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“Give your service away for free, possibly ad supported but maybe not, acquire a lot of customers very efficiently through word of mouth, referral networks, organic search marketing, etc, then offer premium priced value added services or an enhanced version of your service to your customer base.”

~ Fred Wilson, Venture Capitalist

The above quote is a description of the “freemium” business model. Think of a service like the music streaming site Spotify. Anyone can start listening to music for free on Spotify. But if you want to get rid of the ads or listen to songs from Spotify when you are not connected to the Internet, you need to pay for the premium version. The enterprise software Asana follows a related model. Small companies can use it for free, but once they have more than 15 employees using it, they need to pay.

The freemium model is not new, but it’s especially popular among new software companies. Since the cost of having an additional user is almost nothing, a price tag of zero can very effectively spread awareness of a product and attract a large user base. This has a huge appeal in the grow or die environment of Silicon Valley, and some of those customers will pay for premium features. Free trials follow a similar logic. 

But freemium has another factor going in its favor: Once people start using a freemium service, the mere fact that they’re using it will lead them to value it more than an identical service. And once it comes time to pay, that can be a big deal.

This is the result of something academics refer to as the endowment effect – one of many fun examples of how we all fail to live up to the perfectly rational expectations economists set for us. Economics classicly takes as given that the price that someone would pay for a good is the same as the price they would accept as compensation for that good. If you’re willing to pay up to $450 for a television, you should be willing to accept $450 for that same television when you’re the one selling it.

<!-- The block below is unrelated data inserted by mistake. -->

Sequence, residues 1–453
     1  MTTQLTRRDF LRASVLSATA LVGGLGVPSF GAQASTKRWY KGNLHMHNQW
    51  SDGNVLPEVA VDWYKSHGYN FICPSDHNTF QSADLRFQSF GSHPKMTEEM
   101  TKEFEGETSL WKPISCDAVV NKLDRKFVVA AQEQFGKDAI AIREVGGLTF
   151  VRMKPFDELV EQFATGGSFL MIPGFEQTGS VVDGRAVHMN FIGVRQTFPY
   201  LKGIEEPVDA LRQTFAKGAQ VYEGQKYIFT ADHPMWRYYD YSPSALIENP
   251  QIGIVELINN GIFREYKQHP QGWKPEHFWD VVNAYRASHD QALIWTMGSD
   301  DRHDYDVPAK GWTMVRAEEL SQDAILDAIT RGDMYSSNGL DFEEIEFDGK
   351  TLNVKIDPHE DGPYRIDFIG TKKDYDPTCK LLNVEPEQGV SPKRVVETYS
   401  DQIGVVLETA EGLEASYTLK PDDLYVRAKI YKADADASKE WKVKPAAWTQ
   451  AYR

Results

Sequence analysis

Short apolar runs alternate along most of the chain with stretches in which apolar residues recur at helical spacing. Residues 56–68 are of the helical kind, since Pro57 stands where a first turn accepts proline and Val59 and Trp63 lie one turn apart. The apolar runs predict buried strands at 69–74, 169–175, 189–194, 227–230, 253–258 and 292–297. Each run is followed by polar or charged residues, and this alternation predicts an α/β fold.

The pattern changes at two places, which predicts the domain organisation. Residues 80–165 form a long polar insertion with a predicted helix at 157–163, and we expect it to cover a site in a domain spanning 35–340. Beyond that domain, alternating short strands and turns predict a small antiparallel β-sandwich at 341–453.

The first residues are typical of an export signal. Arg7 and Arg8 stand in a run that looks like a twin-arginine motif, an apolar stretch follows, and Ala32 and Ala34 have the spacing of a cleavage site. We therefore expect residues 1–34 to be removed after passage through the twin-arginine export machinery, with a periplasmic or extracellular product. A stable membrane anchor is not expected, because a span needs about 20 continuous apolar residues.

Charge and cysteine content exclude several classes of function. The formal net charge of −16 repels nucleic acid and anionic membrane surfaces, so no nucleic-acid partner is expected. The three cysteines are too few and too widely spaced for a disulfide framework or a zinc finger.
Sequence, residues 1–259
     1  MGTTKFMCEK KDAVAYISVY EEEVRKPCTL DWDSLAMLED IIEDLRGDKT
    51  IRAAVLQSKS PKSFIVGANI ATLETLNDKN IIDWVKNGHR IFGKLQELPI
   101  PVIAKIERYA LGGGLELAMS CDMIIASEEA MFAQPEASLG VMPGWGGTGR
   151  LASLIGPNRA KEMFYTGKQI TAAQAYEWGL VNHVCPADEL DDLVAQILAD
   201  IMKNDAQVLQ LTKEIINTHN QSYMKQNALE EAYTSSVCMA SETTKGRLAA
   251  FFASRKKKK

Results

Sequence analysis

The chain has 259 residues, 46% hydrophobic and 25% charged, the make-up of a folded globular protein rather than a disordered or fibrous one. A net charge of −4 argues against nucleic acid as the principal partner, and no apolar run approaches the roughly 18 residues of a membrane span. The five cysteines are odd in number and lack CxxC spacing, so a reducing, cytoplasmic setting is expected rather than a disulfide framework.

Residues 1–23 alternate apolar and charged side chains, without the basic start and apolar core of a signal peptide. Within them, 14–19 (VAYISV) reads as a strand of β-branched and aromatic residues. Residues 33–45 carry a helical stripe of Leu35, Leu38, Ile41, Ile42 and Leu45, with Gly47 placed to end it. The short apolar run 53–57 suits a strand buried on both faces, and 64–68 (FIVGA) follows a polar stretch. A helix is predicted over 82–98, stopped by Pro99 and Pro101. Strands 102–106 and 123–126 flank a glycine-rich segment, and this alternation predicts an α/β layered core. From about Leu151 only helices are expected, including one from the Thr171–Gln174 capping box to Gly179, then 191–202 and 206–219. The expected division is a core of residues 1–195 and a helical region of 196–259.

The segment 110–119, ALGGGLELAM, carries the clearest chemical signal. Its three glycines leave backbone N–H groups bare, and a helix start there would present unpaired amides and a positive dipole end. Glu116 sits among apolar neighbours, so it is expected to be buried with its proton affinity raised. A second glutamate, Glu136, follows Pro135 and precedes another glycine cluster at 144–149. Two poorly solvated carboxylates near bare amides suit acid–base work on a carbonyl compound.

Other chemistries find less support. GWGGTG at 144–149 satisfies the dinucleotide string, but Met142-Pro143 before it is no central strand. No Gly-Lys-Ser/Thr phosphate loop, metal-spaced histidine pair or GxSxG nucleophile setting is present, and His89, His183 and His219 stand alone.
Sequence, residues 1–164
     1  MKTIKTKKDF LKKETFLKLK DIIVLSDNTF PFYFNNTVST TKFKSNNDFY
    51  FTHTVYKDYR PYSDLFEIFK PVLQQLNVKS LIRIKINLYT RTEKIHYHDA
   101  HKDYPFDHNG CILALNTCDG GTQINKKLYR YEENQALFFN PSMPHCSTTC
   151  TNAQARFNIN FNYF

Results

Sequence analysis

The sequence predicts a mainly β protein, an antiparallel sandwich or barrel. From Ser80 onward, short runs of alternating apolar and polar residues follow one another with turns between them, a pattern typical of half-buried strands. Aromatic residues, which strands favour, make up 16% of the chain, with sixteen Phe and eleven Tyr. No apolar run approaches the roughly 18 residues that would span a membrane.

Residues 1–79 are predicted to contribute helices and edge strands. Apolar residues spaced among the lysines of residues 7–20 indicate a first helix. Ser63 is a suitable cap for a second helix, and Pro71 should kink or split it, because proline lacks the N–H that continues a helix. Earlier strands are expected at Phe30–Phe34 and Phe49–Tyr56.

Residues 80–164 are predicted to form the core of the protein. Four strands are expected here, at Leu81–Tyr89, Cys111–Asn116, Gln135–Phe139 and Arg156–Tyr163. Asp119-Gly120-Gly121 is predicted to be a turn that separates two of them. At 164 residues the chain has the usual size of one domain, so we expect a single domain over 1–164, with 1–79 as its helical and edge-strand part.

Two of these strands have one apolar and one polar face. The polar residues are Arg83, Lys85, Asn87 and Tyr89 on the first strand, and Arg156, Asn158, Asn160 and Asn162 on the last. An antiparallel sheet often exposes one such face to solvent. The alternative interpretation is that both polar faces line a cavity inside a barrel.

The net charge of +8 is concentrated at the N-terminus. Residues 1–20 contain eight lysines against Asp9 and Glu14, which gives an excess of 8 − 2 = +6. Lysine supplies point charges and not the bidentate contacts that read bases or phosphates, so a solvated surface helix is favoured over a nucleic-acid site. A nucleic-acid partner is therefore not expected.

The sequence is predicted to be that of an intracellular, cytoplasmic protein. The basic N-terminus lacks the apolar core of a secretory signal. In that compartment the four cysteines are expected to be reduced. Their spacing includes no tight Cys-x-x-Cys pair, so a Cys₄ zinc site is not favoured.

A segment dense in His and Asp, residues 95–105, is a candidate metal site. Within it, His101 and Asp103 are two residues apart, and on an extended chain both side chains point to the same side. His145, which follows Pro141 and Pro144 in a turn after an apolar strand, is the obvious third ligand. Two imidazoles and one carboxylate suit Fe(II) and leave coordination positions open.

But as economists and psychologists have repeatedly noted, people fail to live up to their economic models by overvaluing their own possessions. One study on Duke students found that their willingness to pay for basketball tickets was 14 times less than what students would demand in compensation to sell their own ticket. A famous study that set up simple marketplaces for items like mugs and pens also claimed that sellers valued their items much higher than buyers – despite having just received them. This is the endowment effect.

Why does the mere fact of ownership seem to make an object more valuable to its possessor? Because people exhibit loss aversion: They generally react more strongly to losses than gains. So, for example, a taxpayer will lose more satisfaction from a $100 tax hike than he or she would gain from a $100 tax benefit. For this reason, people generally prefer the status quo (we dwell more on the potential negatives of a change even if it is balanced out by equal or slightly better positives). And while buyers may think about relative price points, sellers focus more on what is lost by selling a possession. 

As a result, someone asked to give something up thinks very differently from someone considering a purchase. So when asking for payment for premium features, the freemium model operates in a game with more friendly rules.  

Someone considering a monthly rate for premium Spotify, or deciding whether to pay for Asana as their team increases in size, is less likely to think about price points and the potential advantages of the service versus alternatives. Instead, he or she thinks about all the ways they use Asana that they would now miss out on. Or, when they’ve decided to eschew ads on Spotify, think about how annoying it would be to go back to finding and (potentially) paying for songs individually on other sites rather than having instant access on Spotify.

Not every freemium service will benefit from the endowment effect. It’s most relevant for services like Asana, Dropbox, and Flickr. Since they are free up to a certain amount of users or storage space, users habituate to the service until they reach the limit and are asked for payment. On a service like LinkedIn, however, the free users (individuals) and premium users (businesses) will choose their relevant pricing option from the start and rarely switch. So endowment effects do not come into play.

But in the other cases, a freemium model can not only attract customers but put them in a situation where – when they are asked for payment – they will be willing to pay much more. Or at the very least, unwilling to say no.

This post was written by Alex Mayyasi. Follow him on Twitter here or Google Plus. To get occasional notifications when we write blog posts, sign up for our email list.